May 13 – National Apple Pie Day: Getting to the core of NIFA-funded Apple research

Apples are the most consumed fruit in the United States, followed by oranges. In 2019, average US per capita consumption of all forms of apples increased to about 26.3 pounds. Per capita consumption of apple juice and apple juice decreased to 12.6 pounds. The consumption of fresh apples on the market in 2019 reached 10 pounds, according to the US Department of Agriculture’s Economic Research Service.

Factors that contribute to increased consumption of apple and apple products include new varieties, increased income, expansion of production in the United States, an increase and diversity of the population, products that better meet consumer lifestyles, and increased awareness of the inclusion of fruit in a healthy diet. As we celebrate National Apple Pie Day, we appreciate some of the land-grant universities that conduct research on apples with support from the US Department of Agriculture’s National Institute of Food and Agriculture (NIFA):

Specialty crop growers rely on manual labor for fruit picking, inspection, data collection and other labor-intensive tasks. Using computer vision technology and artificial intelligence, University Minnesota Researchers have developed a new set of tools that focus on two tasks: counting apples in an orchard and measuring their diameter — both essential to helping farmers make decisions about labor and sales needs. Through the use of a startup, these new technologies can go directly from the lab to the farm.

Apples make up about 25% of all fruit eaten in the United States. A new platform with data from more than 100 apple varieties could cut years off the breeding process and enable data-based assessments of how to boost the health benefits of America’s favorite fruit. Developed by a team from Ohio State University scientists, the platform combines genes underlying specific traits with information on hundreds of chemical compounds — from sugars and acids to a range of antioxidants — in the fruit that help make apples a healthy food.

By showing the relationships between genes and compounds in apple fruits known as phytochemicals, the platform has the potential to take some of the guesswork and time out of the breeding process. It usually takes about seven years to go from mating a parent cultivar to first taste testing a new apple variety, and it can take decades to create an entirely new variety. Additionally, supplemental research on phytochemicals that may provide health benefits could give researchers a head start on studies to confirm which compounds offer the best chance of developing a more nutritious apple.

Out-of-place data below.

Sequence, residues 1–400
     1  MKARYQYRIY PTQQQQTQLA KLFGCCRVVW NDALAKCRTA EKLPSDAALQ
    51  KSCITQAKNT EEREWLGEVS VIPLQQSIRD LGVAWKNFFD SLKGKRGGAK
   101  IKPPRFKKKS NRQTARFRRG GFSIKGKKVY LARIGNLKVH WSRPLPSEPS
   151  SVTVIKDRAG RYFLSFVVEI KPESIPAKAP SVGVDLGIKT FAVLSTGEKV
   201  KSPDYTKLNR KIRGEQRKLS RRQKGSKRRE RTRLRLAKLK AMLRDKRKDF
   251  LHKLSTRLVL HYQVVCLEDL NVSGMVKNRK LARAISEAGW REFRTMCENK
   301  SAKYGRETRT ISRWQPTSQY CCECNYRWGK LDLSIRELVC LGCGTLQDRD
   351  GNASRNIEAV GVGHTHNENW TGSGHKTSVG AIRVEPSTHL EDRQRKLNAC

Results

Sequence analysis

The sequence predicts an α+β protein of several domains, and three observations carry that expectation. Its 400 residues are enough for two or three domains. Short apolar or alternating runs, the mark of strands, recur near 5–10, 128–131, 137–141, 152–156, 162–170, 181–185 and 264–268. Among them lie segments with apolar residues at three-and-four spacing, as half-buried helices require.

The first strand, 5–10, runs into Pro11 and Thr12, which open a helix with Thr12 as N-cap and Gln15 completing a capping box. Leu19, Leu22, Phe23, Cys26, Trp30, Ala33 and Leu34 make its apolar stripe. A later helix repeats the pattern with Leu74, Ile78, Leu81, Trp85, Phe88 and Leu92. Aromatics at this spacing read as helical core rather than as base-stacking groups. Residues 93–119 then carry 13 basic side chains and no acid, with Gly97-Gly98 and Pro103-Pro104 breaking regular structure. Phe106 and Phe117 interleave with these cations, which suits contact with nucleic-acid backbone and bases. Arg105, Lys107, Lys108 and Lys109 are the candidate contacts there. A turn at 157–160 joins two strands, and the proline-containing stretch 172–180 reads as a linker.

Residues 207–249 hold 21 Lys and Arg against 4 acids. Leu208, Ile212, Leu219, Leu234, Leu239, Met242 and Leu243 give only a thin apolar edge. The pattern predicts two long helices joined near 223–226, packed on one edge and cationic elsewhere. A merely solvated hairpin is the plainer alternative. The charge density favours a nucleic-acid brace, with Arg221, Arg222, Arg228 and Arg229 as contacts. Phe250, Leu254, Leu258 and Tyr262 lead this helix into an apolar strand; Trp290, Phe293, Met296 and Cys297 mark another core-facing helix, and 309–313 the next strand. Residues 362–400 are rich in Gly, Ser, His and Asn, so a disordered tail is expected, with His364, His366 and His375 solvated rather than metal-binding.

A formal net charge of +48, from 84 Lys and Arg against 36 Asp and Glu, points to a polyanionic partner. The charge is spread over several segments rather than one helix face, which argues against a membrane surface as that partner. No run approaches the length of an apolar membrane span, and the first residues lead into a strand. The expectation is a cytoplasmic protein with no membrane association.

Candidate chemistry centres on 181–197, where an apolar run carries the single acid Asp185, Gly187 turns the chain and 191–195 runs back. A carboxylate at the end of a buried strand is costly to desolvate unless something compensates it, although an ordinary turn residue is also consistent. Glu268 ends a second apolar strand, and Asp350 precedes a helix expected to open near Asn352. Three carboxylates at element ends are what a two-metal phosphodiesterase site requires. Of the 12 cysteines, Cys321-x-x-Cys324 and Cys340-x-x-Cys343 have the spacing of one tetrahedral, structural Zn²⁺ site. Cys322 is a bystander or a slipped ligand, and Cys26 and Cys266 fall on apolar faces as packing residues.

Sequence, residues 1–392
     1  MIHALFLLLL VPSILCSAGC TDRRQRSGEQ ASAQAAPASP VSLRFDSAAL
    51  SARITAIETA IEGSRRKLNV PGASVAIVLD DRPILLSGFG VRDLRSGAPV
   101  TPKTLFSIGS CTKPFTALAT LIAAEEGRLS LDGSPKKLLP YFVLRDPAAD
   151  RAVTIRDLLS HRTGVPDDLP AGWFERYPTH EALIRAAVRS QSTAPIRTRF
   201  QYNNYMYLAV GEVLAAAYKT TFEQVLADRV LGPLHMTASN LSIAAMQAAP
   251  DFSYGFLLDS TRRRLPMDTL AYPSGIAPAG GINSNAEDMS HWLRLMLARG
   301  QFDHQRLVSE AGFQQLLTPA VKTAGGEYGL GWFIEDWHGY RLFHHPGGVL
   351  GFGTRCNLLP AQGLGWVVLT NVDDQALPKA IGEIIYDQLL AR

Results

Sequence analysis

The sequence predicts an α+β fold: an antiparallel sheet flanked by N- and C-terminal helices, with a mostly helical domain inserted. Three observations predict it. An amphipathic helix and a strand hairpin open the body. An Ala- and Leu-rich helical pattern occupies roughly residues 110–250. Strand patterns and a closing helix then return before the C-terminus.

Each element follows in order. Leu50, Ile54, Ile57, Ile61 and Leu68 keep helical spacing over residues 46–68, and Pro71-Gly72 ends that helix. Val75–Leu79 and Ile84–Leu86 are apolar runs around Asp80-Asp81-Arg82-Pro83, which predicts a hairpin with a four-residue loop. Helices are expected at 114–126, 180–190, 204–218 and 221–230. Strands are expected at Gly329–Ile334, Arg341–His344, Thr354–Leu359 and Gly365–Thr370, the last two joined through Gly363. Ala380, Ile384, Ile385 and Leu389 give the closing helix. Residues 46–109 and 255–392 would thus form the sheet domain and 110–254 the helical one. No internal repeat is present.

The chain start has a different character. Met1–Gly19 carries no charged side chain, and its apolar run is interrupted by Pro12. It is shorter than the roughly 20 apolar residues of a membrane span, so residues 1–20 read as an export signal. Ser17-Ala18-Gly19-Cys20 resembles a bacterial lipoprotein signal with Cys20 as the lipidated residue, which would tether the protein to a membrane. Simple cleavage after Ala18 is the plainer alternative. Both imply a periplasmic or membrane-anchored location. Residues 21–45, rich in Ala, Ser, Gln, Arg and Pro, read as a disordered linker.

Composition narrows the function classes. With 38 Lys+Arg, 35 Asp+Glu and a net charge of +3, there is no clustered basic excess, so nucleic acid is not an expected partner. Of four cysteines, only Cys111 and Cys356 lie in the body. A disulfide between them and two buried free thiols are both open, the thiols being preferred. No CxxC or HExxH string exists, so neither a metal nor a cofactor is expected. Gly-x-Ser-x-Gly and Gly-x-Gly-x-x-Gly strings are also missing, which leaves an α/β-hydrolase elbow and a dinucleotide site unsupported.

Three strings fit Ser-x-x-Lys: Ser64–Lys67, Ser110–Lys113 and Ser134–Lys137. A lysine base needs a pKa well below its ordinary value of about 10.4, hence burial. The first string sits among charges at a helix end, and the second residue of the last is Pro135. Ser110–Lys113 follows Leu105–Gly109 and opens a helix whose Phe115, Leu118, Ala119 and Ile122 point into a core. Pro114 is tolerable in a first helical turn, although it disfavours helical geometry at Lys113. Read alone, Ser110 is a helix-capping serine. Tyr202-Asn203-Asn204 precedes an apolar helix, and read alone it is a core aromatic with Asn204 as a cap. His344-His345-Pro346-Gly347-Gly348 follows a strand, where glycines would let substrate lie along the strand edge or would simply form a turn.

Although multiple interventions have been used to reduce potential pathogens on the surface of apples, there is limited information available regarding their true efficacy when performed under conditions common in commercial packing houses. bacteria Listeria monocytogenes They are notorious for contaminating produce because they can live in many different environments. L. monocytogenes It is of particular importance for fresh apples, as recent outbreaks have led to multiple recalls and hospital admissions.

Scientists in Washington State University has evaluated several antimicrobial disinfectants that have been distributed to apple packing lines using a spray strip setup that is common in the industry. Disinfectants using peroxyacetic acid (PAA) formulations can achieve an approximate 100-fold reduction in L. monocytogenes Bacteria when used at elevated temperatures and under industry relevant concentrations/contact times. PAA’s ability to fight effectively L. monocytogenes They have been validated both in the experimental model and in multiple commercial fill lines. Because L. monocytogenes Very difficult to eradicate once established, these data provide valuable parameters of basic sanitation efficacy, which may allow further discovery and use of alternative approaches to control foodborne pathogens.

Leave a Comment

Your email address will not be published. Required fields are marked *